Computer and information technology advancements have propelled C5ISR to the top of the US defence electronics market say analysts.

Forecast International projects that this market will be worth at least $171.2 billion from 2020-2029.

“The defense electronics market in the United States continues to focus on enhancing, modernizing, and upgrading existing systems while at the same time developing new technologies,” said Richard Sterk, Senior Analyst and editor of Forecast International’s yearly analysis ‘The Market for U.S. Defense Electronics’.

Sterk further said:

“Integrating multimission systems and applications through networking into real-time operations remains a priority of the C5ISR – command, control, communications, computers, combat systems, and intelligence, surveillance and reconnaissance – industry. Examples of technology that achieve this end include network battle command and logistics systems, networked precision missiles and gun-launched munitions, improved intelligence sensors, and active and passive protection systems. These technologies, in turn, have created additional submarkets such as cyber warfare, cybersecurity, and surveillance/reconnaissance radars.”

Forecast International say their projections are the result of a review and analysis of 564 leading defence electronics programmes. The top defence electronics companies in the U.S. market continue to draw from the upper echelons of corporate America. The analysis projects that the top five U.S. defence electronics companies over the next 10 years in terms of market value will be Lockheed Martin, Northrop Grumman, Raytheon, L3Harris, and BAE Systems.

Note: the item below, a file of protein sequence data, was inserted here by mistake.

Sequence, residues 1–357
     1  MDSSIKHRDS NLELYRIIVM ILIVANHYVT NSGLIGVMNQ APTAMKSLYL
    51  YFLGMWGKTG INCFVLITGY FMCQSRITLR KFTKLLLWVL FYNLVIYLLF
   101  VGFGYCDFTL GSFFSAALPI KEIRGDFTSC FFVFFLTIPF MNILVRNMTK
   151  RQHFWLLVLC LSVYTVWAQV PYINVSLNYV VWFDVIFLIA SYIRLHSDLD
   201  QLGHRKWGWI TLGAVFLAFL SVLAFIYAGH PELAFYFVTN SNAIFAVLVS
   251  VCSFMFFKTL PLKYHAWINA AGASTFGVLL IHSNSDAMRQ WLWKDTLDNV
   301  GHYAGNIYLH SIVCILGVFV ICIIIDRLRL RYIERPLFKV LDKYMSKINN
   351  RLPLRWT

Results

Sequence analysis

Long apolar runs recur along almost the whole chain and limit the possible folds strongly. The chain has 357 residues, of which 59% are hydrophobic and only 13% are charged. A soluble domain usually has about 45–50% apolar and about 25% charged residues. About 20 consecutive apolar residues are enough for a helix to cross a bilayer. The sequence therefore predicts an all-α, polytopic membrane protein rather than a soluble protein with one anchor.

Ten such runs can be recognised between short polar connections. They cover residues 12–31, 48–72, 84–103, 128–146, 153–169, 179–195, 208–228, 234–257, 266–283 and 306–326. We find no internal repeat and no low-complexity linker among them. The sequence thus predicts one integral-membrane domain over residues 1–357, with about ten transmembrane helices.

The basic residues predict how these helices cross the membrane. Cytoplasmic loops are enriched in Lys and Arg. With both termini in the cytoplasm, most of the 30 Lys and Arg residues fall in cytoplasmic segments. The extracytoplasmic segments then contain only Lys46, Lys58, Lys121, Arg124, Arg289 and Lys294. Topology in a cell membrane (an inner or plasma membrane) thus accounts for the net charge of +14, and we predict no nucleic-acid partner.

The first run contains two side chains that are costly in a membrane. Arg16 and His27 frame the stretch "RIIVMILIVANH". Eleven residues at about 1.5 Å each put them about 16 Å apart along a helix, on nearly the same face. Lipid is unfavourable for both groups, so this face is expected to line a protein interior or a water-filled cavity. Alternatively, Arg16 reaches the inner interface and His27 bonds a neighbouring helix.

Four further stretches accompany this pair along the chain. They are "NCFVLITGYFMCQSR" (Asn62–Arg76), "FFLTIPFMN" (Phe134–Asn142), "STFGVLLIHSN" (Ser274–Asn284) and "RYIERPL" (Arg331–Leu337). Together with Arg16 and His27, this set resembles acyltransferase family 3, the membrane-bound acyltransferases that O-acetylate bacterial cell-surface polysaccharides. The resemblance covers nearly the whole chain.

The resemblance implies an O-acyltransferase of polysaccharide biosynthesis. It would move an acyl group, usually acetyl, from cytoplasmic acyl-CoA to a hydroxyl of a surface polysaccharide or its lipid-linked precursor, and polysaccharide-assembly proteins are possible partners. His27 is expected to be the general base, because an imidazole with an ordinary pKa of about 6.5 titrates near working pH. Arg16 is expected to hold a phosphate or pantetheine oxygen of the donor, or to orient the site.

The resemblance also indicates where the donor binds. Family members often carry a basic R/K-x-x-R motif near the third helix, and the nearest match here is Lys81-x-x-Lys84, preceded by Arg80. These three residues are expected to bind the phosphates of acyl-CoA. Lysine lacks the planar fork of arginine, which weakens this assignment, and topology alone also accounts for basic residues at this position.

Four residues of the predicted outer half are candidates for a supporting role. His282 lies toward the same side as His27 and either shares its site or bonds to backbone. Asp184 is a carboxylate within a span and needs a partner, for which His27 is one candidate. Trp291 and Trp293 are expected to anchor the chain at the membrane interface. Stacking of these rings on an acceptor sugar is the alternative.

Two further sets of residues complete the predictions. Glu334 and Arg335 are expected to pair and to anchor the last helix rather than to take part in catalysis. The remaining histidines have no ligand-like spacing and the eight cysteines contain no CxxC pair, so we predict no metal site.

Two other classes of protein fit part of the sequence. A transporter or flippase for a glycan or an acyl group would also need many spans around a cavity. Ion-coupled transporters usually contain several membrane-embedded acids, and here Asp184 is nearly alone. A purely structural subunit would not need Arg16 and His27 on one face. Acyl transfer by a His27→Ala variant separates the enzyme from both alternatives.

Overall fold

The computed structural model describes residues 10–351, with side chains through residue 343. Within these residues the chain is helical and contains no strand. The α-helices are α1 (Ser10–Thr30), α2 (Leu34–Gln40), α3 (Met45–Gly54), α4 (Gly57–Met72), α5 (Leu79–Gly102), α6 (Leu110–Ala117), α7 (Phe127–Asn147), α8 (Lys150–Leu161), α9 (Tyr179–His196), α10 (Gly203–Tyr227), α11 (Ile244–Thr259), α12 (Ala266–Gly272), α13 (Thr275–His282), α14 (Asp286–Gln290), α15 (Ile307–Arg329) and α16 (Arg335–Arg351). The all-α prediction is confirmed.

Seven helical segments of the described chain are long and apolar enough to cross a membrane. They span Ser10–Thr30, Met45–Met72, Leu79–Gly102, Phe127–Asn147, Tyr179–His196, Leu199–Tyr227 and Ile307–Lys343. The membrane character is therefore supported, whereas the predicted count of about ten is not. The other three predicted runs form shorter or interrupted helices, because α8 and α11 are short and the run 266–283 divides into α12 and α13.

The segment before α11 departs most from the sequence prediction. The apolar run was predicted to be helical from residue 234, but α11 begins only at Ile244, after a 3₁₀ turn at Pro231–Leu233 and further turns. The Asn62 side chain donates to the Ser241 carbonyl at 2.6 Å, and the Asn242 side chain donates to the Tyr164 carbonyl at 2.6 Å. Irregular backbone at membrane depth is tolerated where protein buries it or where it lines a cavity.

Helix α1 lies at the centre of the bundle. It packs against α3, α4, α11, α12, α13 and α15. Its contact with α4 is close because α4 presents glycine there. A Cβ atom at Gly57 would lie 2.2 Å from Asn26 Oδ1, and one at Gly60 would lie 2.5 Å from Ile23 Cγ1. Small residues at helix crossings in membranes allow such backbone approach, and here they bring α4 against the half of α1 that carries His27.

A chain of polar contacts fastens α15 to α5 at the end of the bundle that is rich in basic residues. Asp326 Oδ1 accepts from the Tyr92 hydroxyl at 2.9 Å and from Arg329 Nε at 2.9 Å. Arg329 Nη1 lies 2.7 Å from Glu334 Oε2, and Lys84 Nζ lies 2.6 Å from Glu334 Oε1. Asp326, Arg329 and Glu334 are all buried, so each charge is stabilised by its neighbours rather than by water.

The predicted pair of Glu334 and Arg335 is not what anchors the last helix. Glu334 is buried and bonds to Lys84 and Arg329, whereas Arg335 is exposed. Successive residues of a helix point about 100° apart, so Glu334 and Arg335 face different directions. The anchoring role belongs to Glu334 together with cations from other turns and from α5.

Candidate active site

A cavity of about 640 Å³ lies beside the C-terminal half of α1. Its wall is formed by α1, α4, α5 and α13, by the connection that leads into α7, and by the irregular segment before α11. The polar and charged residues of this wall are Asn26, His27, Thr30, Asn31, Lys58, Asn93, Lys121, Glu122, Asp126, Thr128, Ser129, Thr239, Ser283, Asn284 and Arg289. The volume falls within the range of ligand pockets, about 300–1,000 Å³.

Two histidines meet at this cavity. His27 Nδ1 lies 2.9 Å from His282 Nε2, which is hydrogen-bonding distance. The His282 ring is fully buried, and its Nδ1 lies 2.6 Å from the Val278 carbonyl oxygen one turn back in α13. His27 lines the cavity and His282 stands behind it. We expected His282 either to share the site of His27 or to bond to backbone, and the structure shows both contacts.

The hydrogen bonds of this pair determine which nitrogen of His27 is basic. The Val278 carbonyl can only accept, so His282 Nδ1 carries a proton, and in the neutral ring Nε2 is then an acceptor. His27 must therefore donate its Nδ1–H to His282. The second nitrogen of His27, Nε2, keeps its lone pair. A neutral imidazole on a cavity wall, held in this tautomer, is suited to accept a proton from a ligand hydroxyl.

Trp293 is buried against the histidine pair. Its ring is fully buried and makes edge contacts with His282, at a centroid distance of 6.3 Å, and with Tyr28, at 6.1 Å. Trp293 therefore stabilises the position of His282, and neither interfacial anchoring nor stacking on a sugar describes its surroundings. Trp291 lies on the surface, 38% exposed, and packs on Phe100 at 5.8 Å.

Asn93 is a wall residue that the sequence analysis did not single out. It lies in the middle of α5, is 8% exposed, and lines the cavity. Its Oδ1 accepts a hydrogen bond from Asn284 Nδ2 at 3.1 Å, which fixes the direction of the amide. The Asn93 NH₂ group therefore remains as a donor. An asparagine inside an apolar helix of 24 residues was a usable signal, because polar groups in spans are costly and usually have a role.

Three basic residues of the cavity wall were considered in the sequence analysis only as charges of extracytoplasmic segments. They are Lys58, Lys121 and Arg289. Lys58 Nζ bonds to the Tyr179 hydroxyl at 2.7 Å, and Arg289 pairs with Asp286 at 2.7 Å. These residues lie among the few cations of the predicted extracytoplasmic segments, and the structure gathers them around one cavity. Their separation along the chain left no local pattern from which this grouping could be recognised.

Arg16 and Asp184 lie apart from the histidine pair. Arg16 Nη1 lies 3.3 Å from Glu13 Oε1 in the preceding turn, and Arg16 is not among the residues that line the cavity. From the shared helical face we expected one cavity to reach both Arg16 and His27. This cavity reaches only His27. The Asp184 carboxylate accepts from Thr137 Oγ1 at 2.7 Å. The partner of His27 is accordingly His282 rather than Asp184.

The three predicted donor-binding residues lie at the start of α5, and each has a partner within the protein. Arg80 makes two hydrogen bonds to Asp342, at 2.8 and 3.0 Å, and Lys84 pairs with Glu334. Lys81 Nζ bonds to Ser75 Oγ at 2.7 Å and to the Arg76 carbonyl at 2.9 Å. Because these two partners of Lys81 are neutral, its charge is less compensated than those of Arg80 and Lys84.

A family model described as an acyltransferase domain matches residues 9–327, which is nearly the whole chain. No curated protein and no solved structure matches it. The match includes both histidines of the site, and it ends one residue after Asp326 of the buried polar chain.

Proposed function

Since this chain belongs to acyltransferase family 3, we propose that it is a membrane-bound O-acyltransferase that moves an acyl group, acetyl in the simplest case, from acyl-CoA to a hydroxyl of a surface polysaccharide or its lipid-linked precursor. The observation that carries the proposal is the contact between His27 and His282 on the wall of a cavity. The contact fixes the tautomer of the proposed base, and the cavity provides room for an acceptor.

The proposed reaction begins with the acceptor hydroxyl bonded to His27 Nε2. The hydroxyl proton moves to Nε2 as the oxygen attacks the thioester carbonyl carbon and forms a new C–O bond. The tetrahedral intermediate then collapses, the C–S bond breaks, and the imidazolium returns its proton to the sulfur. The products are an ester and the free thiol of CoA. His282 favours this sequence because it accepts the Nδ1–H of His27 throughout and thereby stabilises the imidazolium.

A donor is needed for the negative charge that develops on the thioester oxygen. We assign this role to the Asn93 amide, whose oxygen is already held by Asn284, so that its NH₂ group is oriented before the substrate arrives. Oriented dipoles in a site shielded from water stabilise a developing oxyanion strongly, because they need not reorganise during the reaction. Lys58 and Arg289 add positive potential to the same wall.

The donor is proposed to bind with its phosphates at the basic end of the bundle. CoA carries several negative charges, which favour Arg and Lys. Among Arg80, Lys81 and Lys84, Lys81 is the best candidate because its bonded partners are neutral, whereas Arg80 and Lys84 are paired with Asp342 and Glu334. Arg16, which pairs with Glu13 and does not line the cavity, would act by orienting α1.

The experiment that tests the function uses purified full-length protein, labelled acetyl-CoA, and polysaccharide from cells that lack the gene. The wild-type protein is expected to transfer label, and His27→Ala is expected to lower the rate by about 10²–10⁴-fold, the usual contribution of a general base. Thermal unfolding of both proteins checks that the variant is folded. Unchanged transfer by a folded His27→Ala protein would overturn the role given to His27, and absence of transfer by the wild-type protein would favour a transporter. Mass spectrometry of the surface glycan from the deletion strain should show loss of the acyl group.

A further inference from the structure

“Meeting the challenges of the cyber warfare threat will lead to lucrative opportunities for the development of both offensive and defensive systems,” said Sterk. “Due to the extensive use of networks and software, the U.S. faces an evolving array of cyber-based threats. These threats can be intentional or unintentional. Unintentional threats can result from software upgrades or defective equipment that inadvertently disrupt systems. Intentional threats are targeted attacks, originating from a number of sources.”

The following systems, products, and programmes are projected to lead the market in sales over the 10-year forecast period: the APG-81 AESA radar for F-35 aircraft; the ICNIA (Integrated Communications, Navigation, Identification, Avionics) system that will integrate aircraft avionics for the F-22 and the F-35; the APG-68 pulse-Doppler fire control radar for the F-16; the AAQ-33 Sniper Advanced Targeting Pod; the ALQ-210 situational awareness and threat warning system; the SPY-6 Air and Missile Defense Radar (AMDR) to be installed aboard aircraft carriers and destroyers; the AQS-20 minehunting sonar and AQS-22 ALFS (Airborne Low Frequency Sonar) naval systems; the Navy Multi-band Terminal C4I system; the PRC-150 and PRC-152 combat radios; and the VAS-5 Driver’s Vision Enhancer for land vehicles.

Forecast International is a leading provider of Market Intelligence and Consulting in the areas of aerospace, defence, power systems and military electronics.

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Could this field of defence be subject to a cyber bombardment by hackers during this Coronavirus outbreak? Will governments have the people to stop any adventurism whilst concentrating on maximum effort, to maintain staffing during the contagion? The same could be said about conventional war too, and waring neighbours using this period to gain ground. Should the military threat level be raised by NATO until the virus is contained? I’m sure a scenario has been studied by military theorists, for such a circumstance as we see today?